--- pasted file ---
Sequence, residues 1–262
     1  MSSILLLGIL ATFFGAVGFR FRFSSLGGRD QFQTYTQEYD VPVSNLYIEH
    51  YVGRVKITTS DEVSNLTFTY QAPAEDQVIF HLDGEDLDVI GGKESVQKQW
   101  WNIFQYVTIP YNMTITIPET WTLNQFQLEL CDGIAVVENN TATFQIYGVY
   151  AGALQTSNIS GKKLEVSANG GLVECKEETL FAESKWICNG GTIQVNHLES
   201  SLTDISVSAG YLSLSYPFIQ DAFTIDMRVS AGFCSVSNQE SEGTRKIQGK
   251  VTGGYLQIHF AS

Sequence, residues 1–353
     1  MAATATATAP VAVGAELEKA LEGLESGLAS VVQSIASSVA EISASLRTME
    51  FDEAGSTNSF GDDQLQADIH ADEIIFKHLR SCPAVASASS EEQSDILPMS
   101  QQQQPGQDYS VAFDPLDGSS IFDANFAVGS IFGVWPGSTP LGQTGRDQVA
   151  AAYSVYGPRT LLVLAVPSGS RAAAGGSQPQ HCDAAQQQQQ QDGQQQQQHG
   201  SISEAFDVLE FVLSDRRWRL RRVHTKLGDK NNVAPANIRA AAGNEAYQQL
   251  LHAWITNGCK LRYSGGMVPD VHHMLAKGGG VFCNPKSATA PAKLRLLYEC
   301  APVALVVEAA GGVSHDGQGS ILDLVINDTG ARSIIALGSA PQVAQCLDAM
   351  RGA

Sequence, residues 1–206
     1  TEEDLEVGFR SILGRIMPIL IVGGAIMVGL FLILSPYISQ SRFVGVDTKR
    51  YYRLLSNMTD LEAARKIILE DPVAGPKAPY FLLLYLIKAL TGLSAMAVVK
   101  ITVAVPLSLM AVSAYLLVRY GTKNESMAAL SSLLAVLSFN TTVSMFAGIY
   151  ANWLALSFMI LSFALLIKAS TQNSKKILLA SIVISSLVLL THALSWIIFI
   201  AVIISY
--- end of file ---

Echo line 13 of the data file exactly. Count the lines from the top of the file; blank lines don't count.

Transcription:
   201  SISEAFDVLE FVLSDRRWRL RRVHTKLGDK NNVAPANIRA AAGNEAYQQL